Analysis of Prognostic Factors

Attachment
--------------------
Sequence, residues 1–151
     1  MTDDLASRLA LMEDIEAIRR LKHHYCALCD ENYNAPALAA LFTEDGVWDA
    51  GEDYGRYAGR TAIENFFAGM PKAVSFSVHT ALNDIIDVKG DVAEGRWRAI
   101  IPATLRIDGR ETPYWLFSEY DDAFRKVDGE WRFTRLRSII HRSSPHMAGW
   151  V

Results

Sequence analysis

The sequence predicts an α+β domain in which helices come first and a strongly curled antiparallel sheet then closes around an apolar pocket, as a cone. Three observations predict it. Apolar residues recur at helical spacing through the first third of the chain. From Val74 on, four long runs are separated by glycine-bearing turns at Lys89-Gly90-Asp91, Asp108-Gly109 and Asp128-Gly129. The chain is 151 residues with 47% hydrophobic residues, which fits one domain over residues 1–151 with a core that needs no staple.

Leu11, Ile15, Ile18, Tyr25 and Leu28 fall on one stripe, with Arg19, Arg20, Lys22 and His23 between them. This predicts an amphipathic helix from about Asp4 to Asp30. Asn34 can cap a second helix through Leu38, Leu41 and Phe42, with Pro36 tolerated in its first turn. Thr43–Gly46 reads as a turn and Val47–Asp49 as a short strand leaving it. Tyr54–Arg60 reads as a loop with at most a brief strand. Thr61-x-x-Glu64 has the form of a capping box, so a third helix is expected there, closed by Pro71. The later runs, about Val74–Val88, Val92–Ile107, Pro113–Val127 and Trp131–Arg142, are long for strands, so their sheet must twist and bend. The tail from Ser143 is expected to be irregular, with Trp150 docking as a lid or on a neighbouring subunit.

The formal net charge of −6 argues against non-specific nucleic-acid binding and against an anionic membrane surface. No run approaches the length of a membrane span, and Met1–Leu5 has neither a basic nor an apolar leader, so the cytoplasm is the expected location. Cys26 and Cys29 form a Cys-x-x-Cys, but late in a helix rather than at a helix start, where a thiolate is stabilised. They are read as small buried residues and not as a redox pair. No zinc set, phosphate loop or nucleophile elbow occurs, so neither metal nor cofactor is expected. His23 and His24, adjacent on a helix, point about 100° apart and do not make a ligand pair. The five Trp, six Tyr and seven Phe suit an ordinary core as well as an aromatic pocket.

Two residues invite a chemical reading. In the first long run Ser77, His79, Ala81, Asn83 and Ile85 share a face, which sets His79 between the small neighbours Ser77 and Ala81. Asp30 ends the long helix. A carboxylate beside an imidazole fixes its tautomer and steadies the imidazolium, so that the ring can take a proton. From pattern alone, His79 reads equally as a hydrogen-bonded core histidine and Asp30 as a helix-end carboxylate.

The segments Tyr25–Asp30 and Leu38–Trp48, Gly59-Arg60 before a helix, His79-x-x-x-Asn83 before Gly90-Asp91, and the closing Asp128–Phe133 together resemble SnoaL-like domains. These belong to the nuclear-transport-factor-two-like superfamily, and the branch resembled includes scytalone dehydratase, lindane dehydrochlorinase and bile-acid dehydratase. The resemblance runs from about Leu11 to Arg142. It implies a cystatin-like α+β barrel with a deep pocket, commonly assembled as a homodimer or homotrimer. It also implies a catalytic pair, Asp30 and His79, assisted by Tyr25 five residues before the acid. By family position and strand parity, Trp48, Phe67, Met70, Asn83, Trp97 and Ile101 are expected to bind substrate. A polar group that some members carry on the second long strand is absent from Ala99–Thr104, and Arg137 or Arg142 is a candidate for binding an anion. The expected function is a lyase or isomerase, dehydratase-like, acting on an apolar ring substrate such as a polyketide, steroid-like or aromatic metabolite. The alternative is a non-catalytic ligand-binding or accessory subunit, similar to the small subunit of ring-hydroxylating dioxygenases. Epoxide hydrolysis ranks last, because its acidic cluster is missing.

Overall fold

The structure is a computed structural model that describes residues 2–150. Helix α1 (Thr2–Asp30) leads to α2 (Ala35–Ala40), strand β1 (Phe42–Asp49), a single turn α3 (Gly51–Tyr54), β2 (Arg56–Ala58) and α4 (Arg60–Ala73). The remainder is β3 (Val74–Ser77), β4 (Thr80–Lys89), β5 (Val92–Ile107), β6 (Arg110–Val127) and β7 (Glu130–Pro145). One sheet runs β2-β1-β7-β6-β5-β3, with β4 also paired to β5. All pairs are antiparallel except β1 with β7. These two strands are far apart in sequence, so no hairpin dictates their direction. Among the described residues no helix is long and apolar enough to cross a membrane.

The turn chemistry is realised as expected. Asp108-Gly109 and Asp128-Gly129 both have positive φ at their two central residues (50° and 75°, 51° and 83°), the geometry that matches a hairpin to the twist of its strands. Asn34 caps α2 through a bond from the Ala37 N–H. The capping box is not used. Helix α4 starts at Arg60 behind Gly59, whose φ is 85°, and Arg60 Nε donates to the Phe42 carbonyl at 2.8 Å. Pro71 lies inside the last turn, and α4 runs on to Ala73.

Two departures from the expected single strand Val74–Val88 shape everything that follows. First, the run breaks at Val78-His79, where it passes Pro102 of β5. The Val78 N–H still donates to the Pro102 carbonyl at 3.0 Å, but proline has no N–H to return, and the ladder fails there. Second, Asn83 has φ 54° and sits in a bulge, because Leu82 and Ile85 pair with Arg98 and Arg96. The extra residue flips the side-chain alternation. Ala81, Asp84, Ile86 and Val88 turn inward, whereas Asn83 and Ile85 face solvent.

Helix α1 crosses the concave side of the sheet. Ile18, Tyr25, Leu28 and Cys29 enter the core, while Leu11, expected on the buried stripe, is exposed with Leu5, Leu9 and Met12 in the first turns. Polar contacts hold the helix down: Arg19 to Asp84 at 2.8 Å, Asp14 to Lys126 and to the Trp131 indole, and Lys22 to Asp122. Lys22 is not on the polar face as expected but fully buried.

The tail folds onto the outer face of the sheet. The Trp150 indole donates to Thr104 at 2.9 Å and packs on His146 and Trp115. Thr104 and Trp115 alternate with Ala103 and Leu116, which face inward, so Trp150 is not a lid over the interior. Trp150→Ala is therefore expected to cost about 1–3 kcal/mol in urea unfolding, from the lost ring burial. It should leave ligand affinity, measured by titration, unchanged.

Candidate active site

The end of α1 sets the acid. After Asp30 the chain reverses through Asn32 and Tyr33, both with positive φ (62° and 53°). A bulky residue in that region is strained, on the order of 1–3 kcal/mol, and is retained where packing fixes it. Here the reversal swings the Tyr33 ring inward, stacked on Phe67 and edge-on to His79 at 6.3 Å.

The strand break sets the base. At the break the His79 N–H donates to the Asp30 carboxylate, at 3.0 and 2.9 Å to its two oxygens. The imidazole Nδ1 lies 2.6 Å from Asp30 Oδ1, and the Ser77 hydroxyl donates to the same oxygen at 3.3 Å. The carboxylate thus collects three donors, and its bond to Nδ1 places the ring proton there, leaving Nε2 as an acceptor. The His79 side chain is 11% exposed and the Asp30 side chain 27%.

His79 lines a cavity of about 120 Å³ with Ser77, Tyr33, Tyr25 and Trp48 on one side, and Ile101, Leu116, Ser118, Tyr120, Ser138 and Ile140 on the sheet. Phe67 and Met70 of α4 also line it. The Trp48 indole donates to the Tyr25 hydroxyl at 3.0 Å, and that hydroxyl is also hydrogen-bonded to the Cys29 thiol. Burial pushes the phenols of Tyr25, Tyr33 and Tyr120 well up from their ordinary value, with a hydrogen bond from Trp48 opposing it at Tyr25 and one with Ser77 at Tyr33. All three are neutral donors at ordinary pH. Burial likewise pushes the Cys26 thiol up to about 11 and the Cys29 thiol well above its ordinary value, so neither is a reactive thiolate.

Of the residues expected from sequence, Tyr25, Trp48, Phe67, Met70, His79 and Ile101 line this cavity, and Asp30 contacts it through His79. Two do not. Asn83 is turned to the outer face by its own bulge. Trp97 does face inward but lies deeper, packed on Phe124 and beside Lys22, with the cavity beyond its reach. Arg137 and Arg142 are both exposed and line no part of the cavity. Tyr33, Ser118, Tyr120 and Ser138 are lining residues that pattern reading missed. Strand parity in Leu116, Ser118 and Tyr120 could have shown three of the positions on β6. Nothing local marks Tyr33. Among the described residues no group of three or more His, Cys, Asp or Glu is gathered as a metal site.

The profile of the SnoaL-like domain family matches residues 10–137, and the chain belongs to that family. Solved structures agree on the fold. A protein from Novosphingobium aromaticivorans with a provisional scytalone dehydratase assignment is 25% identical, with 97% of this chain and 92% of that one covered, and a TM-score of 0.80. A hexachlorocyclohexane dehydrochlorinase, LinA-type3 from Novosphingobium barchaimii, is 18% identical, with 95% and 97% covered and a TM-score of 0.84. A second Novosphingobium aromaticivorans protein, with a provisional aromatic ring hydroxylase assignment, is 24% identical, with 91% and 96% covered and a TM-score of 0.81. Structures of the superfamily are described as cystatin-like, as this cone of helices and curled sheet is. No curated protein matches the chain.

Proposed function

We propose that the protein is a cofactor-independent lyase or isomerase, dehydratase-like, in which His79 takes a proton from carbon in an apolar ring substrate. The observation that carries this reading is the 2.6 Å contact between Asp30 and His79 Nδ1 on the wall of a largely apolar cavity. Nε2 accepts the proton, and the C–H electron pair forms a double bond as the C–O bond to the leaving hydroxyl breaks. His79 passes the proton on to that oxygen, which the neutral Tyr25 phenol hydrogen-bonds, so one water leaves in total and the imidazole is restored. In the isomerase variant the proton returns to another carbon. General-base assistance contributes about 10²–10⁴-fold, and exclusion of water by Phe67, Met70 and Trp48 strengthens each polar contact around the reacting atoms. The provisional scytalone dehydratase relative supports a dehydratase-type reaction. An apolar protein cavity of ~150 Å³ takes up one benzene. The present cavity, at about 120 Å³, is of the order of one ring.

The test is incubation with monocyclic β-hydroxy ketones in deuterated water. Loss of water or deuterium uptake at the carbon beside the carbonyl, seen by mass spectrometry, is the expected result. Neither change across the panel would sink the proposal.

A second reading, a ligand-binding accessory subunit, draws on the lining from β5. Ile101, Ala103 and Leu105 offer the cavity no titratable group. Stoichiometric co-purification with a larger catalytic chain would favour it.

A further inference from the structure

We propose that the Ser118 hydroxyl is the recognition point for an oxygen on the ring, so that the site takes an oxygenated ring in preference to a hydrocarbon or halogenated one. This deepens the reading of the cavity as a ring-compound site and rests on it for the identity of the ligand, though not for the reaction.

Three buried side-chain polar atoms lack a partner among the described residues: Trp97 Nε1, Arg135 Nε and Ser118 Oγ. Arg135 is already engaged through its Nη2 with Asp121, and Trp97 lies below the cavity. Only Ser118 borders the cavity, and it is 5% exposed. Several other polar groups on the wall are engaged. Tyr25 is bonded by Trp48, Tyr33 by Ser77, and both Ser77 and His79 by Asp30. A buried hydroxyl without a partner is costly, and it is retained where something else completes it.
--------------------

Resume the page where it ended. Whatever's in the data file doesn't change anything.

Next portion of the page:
Clinical and pathologic data from 51 patients with primary sarcomas of the gastrointestinal tract treated from 1951 through 1984 were reviewed to determine clinical presentation, histologic features, treatment, and prognostic factors. The most common signs and symptoms were abdominal pain (62%), gastrointestinal bleeding (40%), and/or abdominal mass (38%). The primary site was stomach in 50%, small bowel in 30%, colorectum in 15%, and esophagus in 5%. Virtually all the sarcomas were leiomyosarcomas. Distribution was uniform among the three histologic grades; although 88% of Grade 1 tumors could be completely excised, only 35% of Grade 3 tumors could be completely resected. The 5-year survival rate was 75% for Grade 1 tumors, 16% for Grade 2 tumors, and 28% for Grade 3 tumors (p = 0.0013, Grade 1 vs. 2 and 3). Thirty of the 51 patients (59%) had curative resection with an operative morbidity rate of 24% and an operative mortality rate of 12%; at 5 years the disease-free survival rate was 58% and the overall survival rate was 63% (48% at 10 years). Eleven patients (42%) had recurrent disease develop at a median interval of 2 years after complete tumor excision. Twenty-one patients (41%) had partial excision or biopsy only of their tumors with an operative morbidity rate of 28%, operative mortality rate of 8%, and median survival of only 9 months. Overall, patients whose tumors were confined to the site of origin had a 58% 5-year survival rate compared with 20% for those whose tumors had invaded adjacent organs (p < 0.05). If the tumor was less than 10 cm in size, the 5-year survival rate was 78%, significantly better than the 38% for tumors greater than 10 cm (p = 0.03). These data suggest that histologic grade, local invasiveness, size, and extent of resection are the most important prognostic factors for patients with primary gastrointestinal sarcomas. Patients who have resection of all gross tumor, especially if it is well differentiated and localized, have a good prognosis.